And at-il des neurons of solitude?

The efforts of neuroscientists to understand the feeling of loneliness and how it plays out in our brains could help us measure the impact of social isolation, particularly prevalent in this time of confinement.

Long before the world heard of Covid-19, Kay Tye, a neuroscientist at the Salk Institute for Biological Studies [en Californie], had decided to answer a question that takes on a new resonance in this period of physical distancing: does a person who feels lonely want social interactions in the same way a person who is hungry wants to eat ? And can we spot and measure this “urge” in the neural circuits of the brain?

“Loneliness is something universal, assure Kay Tye. It seems reasonable to argue that it should be a concept of neuroscience. It’s just that no one has ever found a way to test for it and assign it to specific cells. This is what we are trying to do. ”

In recent years, there has been a large body of scientific literature appearing which notes the existence of a link between loneliness, on the one hand, and depression, anxiety, alcoholism and drug use. somewhere else. A growing number of epidemiological studies even show that loneliness makes you more likely to fall ill: it seems to trigger the chronic release of hormones that inhibit the immune system.

The biochemical changes brought on by loneliness can accelerate the progression of cancer, heart disease, and Alzheimer’s disease, or simply rob the more energetic among us of the will to continue. If we could measure and detect it, we could identify those at risk and pave the way for new interventions.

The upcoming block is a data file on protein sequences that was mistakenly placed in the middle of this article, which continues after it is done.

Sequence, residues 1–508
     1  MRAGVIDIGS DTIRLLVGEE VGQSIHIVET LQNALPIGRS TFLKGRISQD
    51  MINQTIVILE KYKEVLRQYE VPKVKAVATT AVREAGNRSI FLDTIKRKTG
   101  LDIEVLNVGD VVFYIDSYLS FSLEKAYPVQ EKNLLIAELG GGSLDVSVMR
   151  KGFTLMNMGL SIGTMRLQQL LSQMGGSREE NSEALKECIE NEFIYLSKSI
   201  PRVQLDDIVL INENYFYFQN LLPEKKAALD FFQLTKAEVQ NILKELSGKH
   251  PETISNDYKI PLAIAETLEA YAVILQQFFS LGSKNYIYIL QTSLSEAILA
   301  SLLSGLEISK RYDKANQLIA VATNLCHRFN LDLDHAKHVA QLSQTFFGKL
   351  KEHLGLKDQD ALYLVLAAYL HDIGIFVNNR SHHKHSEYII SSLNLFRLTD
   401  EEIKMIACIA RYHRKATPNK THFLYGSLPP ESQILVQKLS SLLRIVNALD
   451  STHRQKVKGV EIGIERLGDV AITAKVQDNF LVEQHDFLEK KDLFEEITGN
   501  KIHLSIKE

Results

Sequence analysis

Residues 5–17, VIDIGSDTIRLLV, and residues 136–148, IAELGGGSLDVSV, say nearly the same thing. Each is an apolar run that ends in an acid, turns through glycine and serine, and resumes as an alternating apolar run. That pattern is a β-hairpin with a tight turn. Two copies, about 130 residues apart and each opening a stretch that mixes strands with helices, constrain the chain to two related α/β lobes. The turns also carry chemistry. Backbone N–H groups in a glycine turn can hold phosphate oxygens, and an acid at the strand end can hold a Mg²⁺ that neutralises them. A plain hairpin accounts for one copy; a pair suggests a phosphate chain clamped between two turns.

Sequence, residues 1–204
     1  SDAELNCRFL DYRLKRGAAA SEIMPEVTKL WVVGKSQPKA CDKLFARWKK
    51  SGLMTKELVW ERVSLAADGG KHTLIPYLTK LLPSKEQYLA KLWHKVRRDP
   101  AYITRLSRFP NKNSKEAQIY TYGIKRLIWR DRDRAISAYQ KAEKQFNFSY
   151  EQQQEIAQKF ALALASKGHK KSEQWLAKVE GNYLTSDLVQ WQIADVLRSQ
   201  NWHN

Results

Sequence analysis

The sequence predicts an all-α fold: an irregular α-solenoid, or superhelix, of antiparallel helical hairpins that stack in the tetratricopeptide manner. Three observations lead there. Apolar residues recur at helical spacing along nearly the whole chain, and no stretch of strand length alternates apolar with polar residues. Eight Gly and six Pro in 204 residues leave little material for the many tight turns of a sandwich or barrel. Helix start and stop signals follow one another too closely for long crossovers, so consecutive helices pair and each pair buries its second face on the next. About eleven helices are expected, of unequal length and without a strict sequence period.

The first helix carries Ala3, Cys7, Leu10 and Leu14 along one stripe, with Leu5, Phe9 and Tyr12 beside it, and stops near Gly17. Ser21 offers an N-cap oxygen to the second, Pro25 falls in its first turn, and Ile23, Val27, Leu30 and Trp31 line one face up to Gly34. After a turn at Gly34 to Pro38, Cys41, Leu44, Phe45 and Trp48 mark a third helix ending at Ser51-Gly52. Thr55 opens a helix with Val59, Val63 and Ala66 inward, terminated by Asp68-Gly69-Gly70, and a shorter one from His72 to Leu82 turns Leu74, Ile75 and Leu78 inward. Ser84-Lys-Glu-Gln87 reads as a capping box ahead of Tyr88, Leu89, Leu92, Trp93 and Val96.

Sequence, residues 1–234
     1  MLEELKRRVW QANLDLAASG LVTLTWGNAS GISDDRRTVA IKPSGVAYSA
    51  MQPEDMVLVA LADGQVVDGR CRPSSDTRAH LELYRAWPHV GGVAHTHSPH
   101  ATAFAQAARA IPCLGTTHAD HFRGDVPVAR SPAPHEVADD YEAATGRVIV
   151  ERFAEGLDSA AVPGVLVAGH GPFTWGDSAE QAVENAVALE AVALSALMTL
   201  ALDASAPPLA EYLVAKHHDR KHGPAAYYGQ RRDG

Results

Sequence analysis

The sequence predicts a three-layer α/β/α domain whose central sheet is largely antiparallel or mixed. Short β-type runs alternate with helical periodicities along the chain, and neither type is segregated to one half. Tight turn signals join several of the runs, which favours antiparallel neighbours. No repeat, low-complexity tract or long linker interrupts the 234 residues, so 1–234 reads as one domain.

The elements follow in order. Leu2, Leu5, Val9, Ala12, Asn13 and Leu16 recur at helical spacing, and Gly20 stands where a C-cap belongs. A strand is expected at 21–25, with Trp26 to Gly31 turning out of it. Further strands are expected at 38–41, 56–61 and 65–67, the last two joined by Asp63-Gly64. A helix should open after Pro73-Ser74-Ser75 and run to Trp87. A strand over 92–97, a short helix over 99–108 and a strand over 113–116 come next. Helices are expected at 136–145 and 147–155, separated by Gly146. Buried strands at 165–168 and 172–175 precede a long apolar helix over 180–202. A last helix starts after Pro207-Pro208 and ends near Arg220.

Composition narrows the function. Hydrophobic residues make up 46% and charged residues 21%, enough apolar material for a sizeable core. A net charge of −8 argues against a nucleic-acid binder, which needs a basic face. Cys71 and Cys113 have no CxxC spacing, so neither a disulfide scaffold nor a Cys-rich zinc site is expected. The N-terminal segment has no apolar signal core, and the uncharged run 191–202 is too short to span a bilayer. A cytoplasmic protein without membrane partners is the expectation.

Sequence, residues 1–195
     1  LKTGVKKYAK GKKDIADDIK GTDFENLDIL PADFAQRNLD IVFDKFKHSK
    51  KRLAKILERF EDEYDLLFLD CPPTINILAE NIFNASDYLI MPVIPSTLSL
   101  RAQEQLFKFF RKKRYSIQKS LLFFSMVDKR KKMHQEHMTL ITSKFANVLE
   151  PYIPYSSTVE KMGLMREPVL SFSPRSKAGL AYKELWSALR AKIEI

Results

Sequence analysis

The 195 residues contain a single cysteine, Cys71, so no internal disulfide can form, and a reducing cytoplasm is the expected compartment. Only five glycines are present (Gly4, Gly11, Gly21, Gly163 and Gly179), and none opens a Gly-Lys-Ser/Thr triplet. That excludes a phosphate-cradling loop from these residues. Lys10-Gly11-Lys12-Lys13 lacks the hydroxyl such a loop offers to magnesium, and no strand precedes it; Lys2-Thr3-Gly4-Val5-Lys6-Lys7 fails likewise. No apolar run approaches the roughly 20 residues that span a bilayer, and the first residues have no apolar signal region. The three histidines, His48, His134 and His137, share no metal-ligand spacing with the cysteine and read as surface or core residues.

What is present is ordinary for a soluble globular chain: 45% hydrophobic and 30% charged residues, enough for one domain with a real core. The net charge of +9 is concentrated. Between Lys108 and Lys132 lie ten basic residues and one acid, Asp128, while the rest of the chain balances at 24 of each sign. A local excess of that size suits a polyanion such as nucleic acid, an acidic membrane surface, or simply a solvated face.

A fuzzy definition

The effects of Covid-19 on mental health are likely to manifest globally in the coming months. “Everyone will soon realize that social isolation has an impact on mental health, estime Kay Tye. I think this impact will be intense and immediate. ”

However, it is difficult to quantify and even define loneliness. So difficult, moreover, that neuroscientists have avoided the subject for a long time. Loneliness is inherently subjective, explains Kay Tye. “You can join a Zoom meeting with loved ones who are in another city and feel deeply connected – or even more lonely than before the meeting started.”

This vagueness perhaps explains the curious results that emerged when she searched for papers on the issue before publishing her first neuroscientific paper on loneliness, in 2016. She found studies on loneliness in the psychological literature, but the number of publications also containing the words “cells”, “neurons” or “brain” was exactly zero.

Although some of the greatest minds in philosophy, literature, and art have been examining the nature of loneliness for millennia, neuroscientists have long assumed that how it works in the brain human escaped laboratory experiments.

Kay Tye hopes to remedy this by creating an entirely new area of ​​research: one that analyzes and understands how our sensory perceptions, past experiences, genetic predispositions, situations in our life combine with our environment to produce a concrete biological state. , measurable, called loneliness. And she wants to identify how this seemingly inexpressible experience manifests itself in the brain.

Directly stimulate neurons

If it succeeds, we may have new tools to identify patients whose loneliness risks accentuating the pathology. We may also have better ways of dealing with the crisis


Adam Piore

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